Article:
The real reason Donald Trump has launched an illegal direct strike against the Assad government in Syria has nothing to do with chemical weapons.
On 4 April, dozens of civilians reportedly died in a chemical attack. The US President claims that concern for the victims led him to unilaterally attack the Syrian government. And The Guardian, the BBC, and other establishment media outlets appear to have ignored context, taking his word as gospel.
The real motive
But Trump’s real motive is the same as it always is: gaining political capital. His overall approval ratings are at increasingly historic lows for a newly elected President. He recently suffered a major defeat on repealing the Affordable Care Act (‘Obamacare’). And to hold on to power, the Trump Administration knows that warfare will rally people behind the President.
We know Trump is aware of this tactic, because he has pointed it out himself in the past:
Now that Obama’s poll numbers are in tailspin – watch for him to launch a strike in Libya or Iran. He is desperate.
— Donald J. Trump (@realDonaldTrump) October 9, 2012
Warfare boosts ratings
Warfare tends to boost a president’s approval ratings. And Trump is in dire need of that.
George H. W. Bush’s ratings, for example, leapt nearly 20% after he launched the Gulf War against Iraq in the early 1990s. And the same happened for his son, whose ratings jumped 13 points after embarking on the 2003 invasion of Iraq.
This ratings boost from conflict is known as the ‘rally effect‘.
Establishment pressure and positive press coverage
Trump’s strike is a sudden U-turn on his previous anti-interventionist policy regarding the Syrian government. Just a matter of days ago, for example, his administration was talking about prioritising the fight against Daesh (Isis/Isil) over the removal of Assad. And this position ran contrary to that of many others in the US political establishment, who have long been pushing for Assad’s removal.
Unsurprisingly, Trump’s 180-degree turnaround has easily generated him his best night of press coverage so far. Even among so-called ‘liberal’ outlets:
Guest after guest is gushing. From MSNBC to CNN, Trump is receiving his best night of press so far. And all he had to do was start a war.
— Sam Sacks (@SamSacks) April 7, 2017
— Adam H. Johnson (@adamjohnsonNYC) April 7, 2017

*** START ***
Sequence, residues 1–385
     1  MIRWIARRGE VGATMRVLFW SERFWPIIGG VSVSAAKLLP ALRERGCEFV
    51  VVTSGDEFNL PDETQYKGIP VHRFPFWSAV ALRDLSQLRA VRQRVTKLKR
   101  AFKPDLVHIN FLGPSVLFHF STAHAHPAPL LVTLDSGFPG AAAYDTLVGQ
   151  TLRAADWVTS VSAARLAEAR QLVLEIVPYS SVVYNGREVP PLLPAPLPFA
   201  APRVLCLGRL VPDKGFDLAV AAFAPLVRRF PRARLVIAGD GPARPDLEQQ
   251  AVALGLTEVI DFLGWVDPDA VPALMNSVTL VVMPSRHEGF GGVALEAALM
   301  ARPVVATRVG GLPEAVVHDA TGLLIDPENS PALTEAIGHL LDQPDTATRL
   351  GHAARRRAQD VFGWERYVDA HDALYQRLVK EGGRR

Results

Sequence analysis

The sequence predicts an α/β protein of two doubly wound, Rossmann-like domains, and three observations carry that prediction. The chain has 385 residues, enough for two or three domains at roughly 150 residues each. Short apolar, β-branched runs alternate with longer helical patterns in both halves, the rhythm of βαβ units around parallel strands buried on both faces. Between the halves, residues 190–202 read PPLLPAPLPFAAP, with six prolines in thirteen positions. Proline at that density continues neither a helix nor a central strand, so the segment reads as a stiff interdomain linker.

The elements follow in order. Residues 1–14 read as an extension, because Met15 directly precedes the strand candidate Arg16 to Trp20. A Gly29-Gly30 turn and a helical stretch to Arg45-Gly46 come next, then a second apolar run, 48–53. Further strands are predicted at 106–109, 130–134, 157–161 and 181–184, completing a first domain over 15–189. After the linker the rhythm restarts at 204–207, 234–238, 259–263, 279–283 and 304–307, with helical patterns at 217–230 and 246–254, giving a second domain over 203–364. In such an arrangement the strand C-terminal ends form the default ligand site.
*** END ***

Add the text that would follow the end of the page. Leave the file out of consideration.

Before even knowing the impact of the strike, pundits were lauding the strike as “surgical”:
before any verified reporting of the impact of the missile strike, every media talking head and politician is calling them "surgical" pic.twitter.com/d81KwQVnTf
— Lee Fang (@lhfang) April 7, 2017
But we don’t even know who did it
As The Canary reported on 6 April, both the media and political establishment in the US jumped the gun regarding Syria’s chemical attack. Even though there is still no firm, independent confirmation that the Assad regime was responsible. And Trump carried out his strike on Syria regardless.
In Syria, the failing anti-Assad opposition would have every reason to undermine Trump’s former isolationist position and provoke a US strike against the Syrian government. And who is to blame for the chemical disaster changes depending on whether you ask pro-Assad, anti-Assad, or indeed neutral sources. Regarding the latter, Labour Party leader Jeremy Corbyn has insisted on the need to get “proof from the UN first” before jumping to conclusions.
The war machine rumbles on
Trump’s bombing is the first time the US has directly and intentionally attacked the Assad regime, but reportedly the 7,899th US strike in Syria. The strike launched around 59 tomahawk missiles at a cost of up to $1.5m each.
The real reason Trump launched the strike is not new, but standard for our political elite. Former presidential candidate Hillary Clinton actually called for violent retaliation herself before Trump’s bombing. Political elites prove time and time again that the only thing they care about is holding on to power. And yet again, the warmongering corporate media is cheering them on.
We need to bin the lot of them, and soon.
– Read more Canary articles on Syria. And learn more about Rojava – the democratic and multicultural Syrian region which supports neither Assad nor his jihadi-led opponents. Visit our Facebook and Twitter pages for more international coverage.
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